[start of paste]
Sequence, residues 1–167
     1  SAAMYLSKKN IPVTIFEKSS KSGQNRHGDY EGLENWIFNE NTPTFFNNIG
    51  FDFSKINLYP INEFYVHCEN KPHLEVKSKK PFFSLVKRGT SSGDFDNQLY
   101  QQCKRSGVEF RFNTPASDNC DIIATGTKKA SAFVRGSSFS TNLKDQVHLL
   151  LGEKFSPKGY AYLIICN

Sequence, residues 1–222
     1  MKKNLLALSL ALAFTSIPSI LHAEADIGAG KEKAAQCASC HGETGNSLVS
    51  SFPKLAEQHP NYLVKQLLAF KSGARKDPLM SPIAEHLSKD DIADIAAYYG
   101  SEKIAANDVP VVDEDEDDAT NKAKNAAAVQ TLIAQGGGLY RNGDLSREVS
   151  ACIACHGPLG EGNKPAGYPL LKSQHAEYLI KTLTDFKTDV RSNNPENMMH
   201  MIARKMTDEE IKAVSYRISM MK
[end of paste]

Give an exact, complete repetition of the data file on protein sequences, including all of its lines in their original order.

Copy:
Sequence, residues 1–167
     1  SAAMYLSKKN IPVTIFEKSS KSGQNRHGDY EGLENWIFNE NTPTFFNNIG
    51  FDFSKINLYP INEFYVHCEN KPHLEVKSKK PFFSLVKRGT SSGDFDNQLY
   101  QQCKRSGVEF RFNTPASDNC DIIATGTKKA SAFVRGSSFS TNLKDQVHLL
   151  LGEKFSPKGY AYLIICN

Sequence, residues 1–222
     1  MKKNLLALSL ALAFTSIPSI LHAEADIGAG KEKAAQCASC HGETGNSLVS
    51  SFPKLAEQHP NYLVKQLLAF KSGARKDPLM SPIAEHLSKD DIADIAAYYG
   101  SEKIAANDVP VVDEDEDDAT NKAKNAAAVQ TLIAQGGGLY RNGDLSREVS
   151  ACIACHGPLG EGNKPAGYPL LKSQHAEYLI KTLTDFKTDV RSNNPENMMH
   201  MIARKMTDEE IKAVSYRISM MK